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The Wilmington dispatch. (Wilmington, N.C.) 1916-19??, September 07, 1916, Page 1, Image 1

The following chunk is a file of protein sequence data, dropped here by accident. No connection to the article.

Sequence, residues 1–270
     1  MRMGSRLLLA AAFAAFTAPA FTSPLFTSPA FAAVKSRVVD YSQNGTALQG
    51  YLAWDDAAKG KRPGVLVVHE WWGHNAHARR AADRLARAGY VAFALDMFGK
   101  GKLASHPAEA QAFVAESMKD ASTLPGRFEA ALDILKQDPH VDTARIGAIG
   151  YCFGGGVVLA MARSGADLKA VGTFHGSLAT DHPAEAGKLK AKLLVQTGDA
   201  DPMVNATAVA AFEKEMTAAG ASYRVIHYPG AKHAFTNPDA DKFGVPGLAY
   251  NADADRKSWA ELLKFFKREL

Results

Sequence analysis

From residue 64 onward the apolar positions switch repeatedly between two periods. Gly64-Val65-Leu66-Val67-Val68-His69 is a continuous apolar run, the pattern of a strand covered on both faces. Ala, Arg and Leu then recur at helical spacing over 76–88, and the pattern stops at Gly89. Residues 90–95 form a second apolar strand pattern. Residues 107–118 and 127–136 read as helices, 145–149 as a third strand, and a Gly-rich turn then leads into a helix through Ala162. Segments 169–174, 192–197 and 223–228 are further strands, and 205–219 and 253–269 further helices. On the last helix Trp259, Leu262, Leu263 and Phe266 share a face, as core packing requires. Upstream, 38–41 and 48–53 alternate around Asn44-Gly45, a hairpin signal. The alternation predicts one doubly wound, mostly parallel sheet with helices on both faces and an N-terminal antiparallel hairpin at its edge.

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V 1 , - 1 WEATHER : FORECAST For Wilmington and Vicinity-Cteii- erally fair to night and Friday. LARGEST CIRCULATION IN WILMINGTON - 'f . . . - - - - VOL. XXII NO. 235. WILMINGTON NORTH CAROLINATHURSDAY AFTERNOON, SEPTEMBER 7;;1916. PRICE FIVE CENTS. ; TELLING WAR TALES TO PRIME MINISTER'S DAUGHTER IS SHOT BY BURGLAR LIKELY TO EfJD II FIGHT ' it it FINAL EDITH V . 1 ' .... '. : v , " - ' ... " r THE FRENCH HAVE IDE A BIG CAIN IN FRONT VERDUN ATLANTA MAN S NOT MIKE STARTS IN NEW YORK NT SATURDAY Men of , Sub. and "L" Lines Have Walked Out in in Gotham TEST OF STRIKE NOW BEING MADE Interborough Company Brings In Three Thousand Strike . Breakers and Runs Its Cars. i (By Associated Press.) New York, Sept. 7. A million or more residents of New York left trenches over a front of one mile be their homes this morning, notf know-! f ore Verdun was announced today by ing whether they would ride to work or walk. The test of the strike, de clared last night by the union em ployes of the elevated and subway railways, came with the morning rush hours on these main arteries of ' travel between! the two ends of Man hattan Island If the carman can carry out their threat to halt the surface as well as subway and "L" traffic, New York faces the biggest and most vita' strike in its history. When the workers of the city start ed for their places of employment to day the Amalgamated Association of j Street and Electric Kaijway Em ployes, which is conducting the strike, had been, unable to tie-up the subway and "L" lines, but had suc ceeded in crippling some of the most important surface lines. With the aid of nearly 3,000 strike breakers and under police protection the Interborough Rapid Transit Com pany was running its trains on the, subway and "L" lines almost on nor-j mal schedules.- , The strike of the Interborough em ployes has spread, however, to the rarmen of the New York Railways Company, which operates all but two! cf the most important surface lines of the boroughs of Manhattan and the Pionx. Approximately 18,000 em ployes are affected. Up to noon today the city appeared only slightly affected. The union leaders, who demand abrogation of the contracts binding employes not to ask for wage increase for two years, claim that 9.000 men walked out, including 4,000 on the subway and "L" systems. Traction officials asserted that not more than 2,00u-men quit, and with the aid of strikebreakers the company will maintain schedules. Through the district affected little disorder was reported, although in Harlem and on the East Side there were a few minor disturbances. About 4,000 patrolmen, in uniform and in Dlain clothes, are on duty to i protect property and passengers. Meanwhile the traction officials, ad mitting that "the gravity of the situa tion is such that at any moment a crisis may arise" were providing stocks of provisions for the strike breakers. AFRAID WOULD HURT AMERICANS ABOARD (By Associated Press.) Washington, Sept. 7. The con ferees on the emergency revenue bill today struck out the Phelart amend ment which would empower the Pres ident to retaliate against citizens of belligerent nations which interfere with the United States mail. The argument which prevailed in the conference .was that it might work a great hardship to Americans in foreign countries by counter-retaliation. The conference also abandoned the. Chamberlain amendment to prohibit admission of PacifkTOcean salmon or halibut through a foreign country ex cept in bond from an American port; This, it was decided, might develop a commercial' war with Canada and bring about retaliation against Amer ican Atlantic coast fisheries. TAKE MANY RUMANIAN PRISONERS (By Associated Press.) Berlin, Sept.. 7 (Via London) More than 20,000 Rumanians were taken prisoners when the Bui- garian and German troops captur- the Rumanian fortress of Tur- tukai. says an official statement issued today by German army headquarters. The official statement says that in the capture of the Rumanian fortress more than 100 guns were taken. Advance for a Mile in Long Contested Sector East of The Meuse BRITISH BEAT BACK COUNTER ATTACK Russians Draw Nearer 'Lem ;berg in Their Latest Drive. Western Offensive May Soon Stop for Winter. (By Associated Press.) The capture of .German, first line the French war office. The ground won is In the long-contested sector ! east of the Meuse between the Vaux- Chapier region and Chaulnes. In this sector, where the Germans most nearly approached a definite breach m tne defenses of the city heavy fighting has been in progress re cently. On the Somme front the principal activity last night was on the initia tive of the Germans, who made a de termined effort to capture Leuze Wood from the British. The Ger man counter-attack lead to one of those fierce hand-to-hand struggles, with hand grenades and bayonets, which has characterized recent fight ing. London reports that the Ger mans were beaten back. Intimation that the Somme offen sive may soon be dropped for the winter is contained in a dispatch from thte British front. A staff offi cer . is quoted as saying that if the British wait until spring before mak ing further great 'effort there will be available four times the great artil lery and .corresponding vast stores of ammunition. An important Russian victory in Eastern Galicia 4a, indicated byA to- day -wieiat airaoiijniemeBtJftpa-Pe trograd. It says the city of Halicz, 60 miles southeast of Lemberg, is under Russian bombardment and is in flames. The capture of (he railway llnaa n Vi ! a irf stinlf ir olan ia ronArtoit 1 0 111 WUIO IU.IUIIJ ia ivyvivyuy Since the opening of the new Rus sian drive the heaviest pressure has been directed against the Austro German lines above and below Lem berg and there has been constant! fighting at Halicz F AUTO IN CREEK Ghastly Discovery Made of Accident Near North Carolina Town. (By Associated Press.) Belhaven, N. C, Sept. 7 The bod ies of four negroes two women and two men were found under an au tomobile in ,Pamtego Creek, near here, today. Travellers on the highway found DUN UNDER the railing of the bridge broken and j bale of cotton to be brought to New noticed oil rising to the surface of.ern will probably be brought in in the water. Further investigation disclosed the car and its occupants. It was believed by the authorities that the accident occurred' some time last night. ASHEVILLE GETS THE NEXT JUNIOR MEET Goldsboro, N. C, Sept. 7. The State Council, Junior Order United American Mechanics, late yesterday afternoon selected Asheville as the mh mtv MiMA thJtc nomination of officers, which was a;to increase the capitalization from $5, decidedly lively affair. 000,000 to $10,000 000 and to slice a C. P. Alexander, of Charlotte, was'large melon in dividends. The bank elected State councillor, and Walter. now . the third largest and richest E. Yopp, of Wilmington, was named as one of the National Representa- tlves. PRESIDENT SIGNS THE SHIP MEASURE (By Associated Press.) Washington, Sept. 7. President Wilson today signed the ship bill. It authorizes government organization of a corporation or corporatins, with eapital of not more than 150,000,000, to buy or lease ships and put them in trade If they cannot be leased for operation to private capitalists. , Mr. Pfresch I say, Lizzie Miss Primme Miss Primme, if you please. And remember hereafter I shall always be Miss Primme. Mr. Pfresch Come to think of It I believe you will Exchange. ASQVIXW. It isn't every soldier who cantell the C iilling t'i'.i of ho.v lu daughter of the Prime Minister of his country. The Scotch soldier, at the hich he captured, is relating the thrilling tale of how he did it to Miss Eli Prime Minister. From the smile of M Iss Asquith's face, it may be presumed GRAVEN REP. ARE TO Will Export Speaker for Rally. First Bale of Cotton Due Soon. (Special to The Dispatch.) New Bern, Sept. 7. Realizing that it is up to them to at least make a noise, the Craven county Republicans have planned to have Moses E. Clapp, of Minnesota apd George Butler, of this Stef:ma.ke.4an address ifr thisJ W'"onSeptemi)erJ 12th, the court1' House will be the place and 8 o'clock thchour. - . The Republicans down in this sec tion are sadly in the minority and are not making much of a showing but It is their intention to at least have one rally, even if there is no one on hand to hear the speakers but the few local members of the party. George Butler is also billed to make his appearance at Greensboro on Sat urday, September 9th, and tell the Re publican voters there why he thinks he - should be sent to Congress from this district. Prof. H. L. Joslyn, who is to have' charge of Craven county's Farm Life School during the coming term, has arrived at Vanceboro and is now get- ting that institution in readiness for opening on September 19th. The past term of the Farm Life School was the most successful in its short.history and every effort is to be made , to eclipse all previous records season: Prof! Joslyn will be assisted by an able corps of teachers, several of whom will arrive this week. According to a statement made to- day by Mr. J. R. Ball, one of the leading local cotton dealers, the first about ten days and Mr. Ball is expect ing It to come in rapidly after that time. Local dealers believe tha he farmers of Craven county will this season re ceive especially high prices for their staple and are anticipating that it will go as high as seventeen or eighteen cents before the close of the season. Bank to Double Capital. New York, Sept. 7. At a special meeting callel fcr today the stockhol ders of the Cha;o JJational Bank arei Indorse the proposal of the directors Panning msuiuuon in me metropolis. o l ill. :rNW l rinrv il3e, IN NUMBER OF DEATHS (By Associated Press.) New York, Sept. 7. The health au thorities today reported another slight Increase In the infantile paralysis epi demic. There were 61 new cases, an increase of eight over yesterday, and 28 deaths, a rise of six. Congressional Campaigning. (Frdm the Philadelphia North Ameri can.) "r -; , ,! A ' lot of Congressmen will declare against the pork-barrel in the coming campaign, but when it comes to soli citing 'votes they will not forget to point out how they got a $200,0000 ap propriation for the Mud villa Post Office. . . ) MAKE BIG NOISE SEC. DF WAR BAKER IS ON TAR HEEL SOIL TODAY Speaks on Political Issues in Winston-Salem This Afternoon GUEST AT BANQUET IN GREENSBORO Will Attend Conservation Dinner There Tonight. Congressman Small Also One of the Speakers. (By Associated Press.) Winston-Salem, N. C, Sept. 7. Before ' a crowd of several thousand persons Secretary of War Baker ad- dressed the voters of this city on poli tical issues this afternoon. The meet- ing was held under the auspices of the i county Democratic executive commit tee. Secretary Baker was met by the committee at Guilford battleground this morning and escorted to the city, He leaves for Greensboro late this af- ternoon, where he speaks tonight? To Speak at Banquet. Greensboro, N. C, Sept. 7. Secre tary of War Baker and Representa tive John H. Small arrived here early today from Washington to be guests of honor and the principal speakers to-, night at the "conservation" dinner here. s Secretary Baker motored to Guil ford battleground this morning, where he was met by a delegation of Win- ston-Salem citizens and carried through to Winston-Salem, where he speaks this afternoon Six hundred persons are expected to be present at the dinner tonight. LONG WORRIED BY FALSE CONVICTIONS, JUDGE DIES. Chicago, Sept. 7. Judge Henry V. Freeman, for twenty-five years Judge of the Superior Court, died on a train near Gran ; dRapids Tuesday morning. Judge Freeman has been in ill health for many years and ihs family al ways said his condition was brought on in part by grief over the fact that twenty years ago he sentenced to the penitentiary .for - life three men who he later became convinced were in nocent. He resfgn,ed last yfear from the' bench largely, because of tat belief. Judge Freenfan sentenced Thomas McNally, Charles Kurth and Edward Warren in April, 1914; for the alleged murder of James Prunty and his son Peter. When he became convinced the men ' were innocent he began a fight to get them out of the penitentiary. Warren died in prison, but McNally and, Kurth were paroled a year ago. Get In Accident r In front, of The Dispach office tomorrow afternoon at 2 o'clock v-will be filmed the bad accident scene of The Dis patch motion picture. It is desired that there be : a large crowd of. spectators and all those who care to see moving picture camera in action are invited to gather in fronts of The Dispatch office at the hour mentioned. m IK mil- charged the enemy's trenches to the left, displaying the German helmet zabeth Asquith, daughter of England's that the story is quite interesting. TRANSFERRING THE WHITE E Busy- Removing Executive Offices From Washington , to New Jersey. '-j(By Associated Press.) Washington, Sept. 7. All arrange ments were completed today for the transfer of the executive offices of the "flphite House f rom , Washington to Aslniry Tafl "N. J- t0nC-t the first time since l6r. Wilson be came President a complete staff of secretaries, clerks, telegraphers and other attaches will accompany him on "his vacation. Although President Wilson plans to spend most of the time at Shadow Lawn, the estate at Long Branch,- N. J., he will go to Asbury Park as often as necessary to visit the executive offices and attend to public business A suite of rooms has been engaged in an office building there and office furniture 'from the White House is being sent there already. The President will receive many of his political visitors at Shadow Lawn and the broad porch, from which he delivered his speech of acceptance, is expected to be the scene' of -receptions to delegations of Democrats from different States. Vance C. McCormick, 'chairman of the Democratic National Committee, who has his headquarters in New York, expects to visit the President at Shadow Lawn at least once a week and probably oftener. POLICE CHIEF IS DECLARED NOT GUILTY (By Associated Press.) Wilson, N.! C, Sept. 7. A-verdict of not guilty was returned here today by the jury acting in the trial of Chief of Police Wiggs for the killing last March of Phillip Worth, a negro. The case was given the jury yesterday af ternoon. The negro was resisting arrest when Wiggs shot him. ; HENRY FORD SEEKS A MILLION DAMAGES i (By Associated Press.) '' '' Chicago, 111., . Sept. 7. Suit for $1,000,000 was filed by Henry Ford, the Detroit magnate, against the Chi cago Tribune in jthe United States District Court here today. Mr. Ford asks . for personal damages as. com pensation for an editorial printed in the Tribune June 25, which, it is charged, called Ford an anarchist. Well Known'Railroader Found Intruder in His Bedroom Today , v HAD HIM DOWN WHEN MARAUDER FIRED Son Attempted to Capture the Robber But . Knocked Off and The Man Escaped ; (By Associated Press.) Atlanta, Ga., Sept. 7. C. D. Wayne, superintendent of the South eastern Passenger Association, was shot and seriously wounded early to day when, unajpaed, he grappled with a burglar whqe" discovered in the bedroom at his&ome here. He prob ably will recover, Wayne had thrown the burglar to the floor and was choking him when the intruder fired three times . One shot struck Wayne in the groin, another went through his left arm and a third struck him over the right eye, but glanced off. He continued to struggle, after being wounded, but the burning powder from the discharged pistol, set fire to his nightclothes and he was compelled to stop. When his father stopped, William Wayne, aged eleven, jumped on the burglar but was knocked off. The in truder then made good ihs escape. T STRIKE IN GREENSBORO Cigar Makers Went Out and Heh-Werit in Again All v (By Associated Press.) Greensboro, N. C, Sept. 7. One hundred and sixty employes of the El-Rees-So cigar factory here struck today, to enforce demand for higher wages and a change' of working hours. A committee appointed by the work men called on the management of the factory and, after a conference, called off the strike. It is understood that a change of working hours was grant ed, but an increase in wages was re fused. II Found Guilty in Craven Superior Court Book by Chamber of Commerce. (Special to The Dispatch.) New Bern, N. C, Sept. 7. A special meeting of the Executive Committee of the Chamber of Commerce was held last night for the purpose of con. sidering a proposition made by Mr. J. N. Harris, representing the Queen City Printing Company, of Charlotte, in regard to issuing an illustrated souvenir booklet of the city of New Bern. Mr. Harris only asked for the en dorsement ,of the Chamber of Com merce of his work and their assist ance in any possible way and; het promised to get out a booklet whicn would be a credit to the city. A committee composed of Messrs. J. B. Blades, B. B. Hurst and H. K. Land were appointed to assist him in 'this work and to 'give him any in formation and help possible. The booklet is to be issued within the next month. C Charles Bryan, a one-legged col ored man whom the police say is one of the worst "blind tigers" in the city, was yesterday afternoon found guilty of dispensing the "ardent" by a jury in .Craven Superior Court. Owing to the fact that Bryan is physically disabled Judge , Lyon de cided to grant him clemency one more time and suspended judgment but or dered that the defendant appear at the next term of court and show that his behavior had been good. Vl is customary to seal a proposal with, a kiss. Is it not? . , r It used to be, but nowadays it is considered best to hav.e a witness.-1 i Exchange. r Saw a girl on the street today in a bathing suit. , -How could you tell it was a. bath ing " suit? Exchange. , V " ONE-LEGGED "BUND TIGER" No Report From Conferees or( Revenue Bill Probable. Before Tomorrow - ! ' iOWEN CONTINUING FIGHT FOR BILL Would Have Corrupt , Practt ices Act Passed Now But W This Not Likely Dan- ish West Indies Treaty ' (By Associated Press.) Washington, Sept. 7. Conferees oh the revenue' bill were at work early today, after a prolonged night ses sion, but no assurances were expect" ed that their report would be sub mitted before tomorrow or that con gress would adjourn before Saturday. Senator Owen was intent today on continuing his fight for his corrupt practices bill, which developed a tor rent of bitter personal remarks yea-, terday afternoon, after v the Senate voted to take up the measure. Lead-, ers insisted, however, that the bill " will not come to a vote before ad journment. There was a possibility that an kther - (Senate executive session) might be held today to consider the treaty for the purchase of the Danish. West Indlesjtnd a chance that it might be ratified at this session. The treaty; was discussed in secret yesterday. RE MUSTERED OUT Fifteen TTibund;TJtrslr Bacla v From BorderU lifeU;., lowed to Go. K :r (By Associated Press.) Washington, Sept.. 7. The 15,000 '. guardsmen, returned "from the border by recent order of the War; Depart ment, were today ordered mustered ' out of the Federal service, the, guards men remaining on the border to stay there at' present.; - i The troops affected are three reg iments from New York, two from New Jersey, one from Maryland, two from Illinois, two from Missouri, one from California, one from Oregon, one from Washington and one, from Loui siana. 1 These units comprise in the aggre gate about 15,000 National Guards men. The plan for the mustering out of the regiments will be executed under the various departmental command-' ers within whose jurisdiction these organizations are placed. In many instances, where there is no reason to hold them, because of. disease In fection, the mustering out will ba done immediately. A Boy War Inventor. . (From the London Outlook.) A boy of twelve a few, weeks ago amused himself on his sick-bed by ' Inventing a device for. which the War Office has rewarded him with a free of twenty-five guineas. - A : MotLers Son devoted, loving " and tender wandered from' home. No reason was given for the un expected departure. No word had been received "for" years. The police ' and- detective 'de partments of many cities had been utilized without -results He was given up mourned as dead. - A light of hope still burned in his moth ers' heart that he , was alive. Finally a newspaper . story brought to this anxious and grief stricken mother a . let tera letter from her own son who had read the atpry in' a western city. - What this newspaper' did . for this moth er can' also do for, you . in finding lost articles, securing . positions, cooks, v maids, . etc. One Penny a word worth a dollar. The Dispatch Busi ness locals. Read for Profit, Use for Results. . Pkone 176 GUARDSMEN TO r -pV ' .1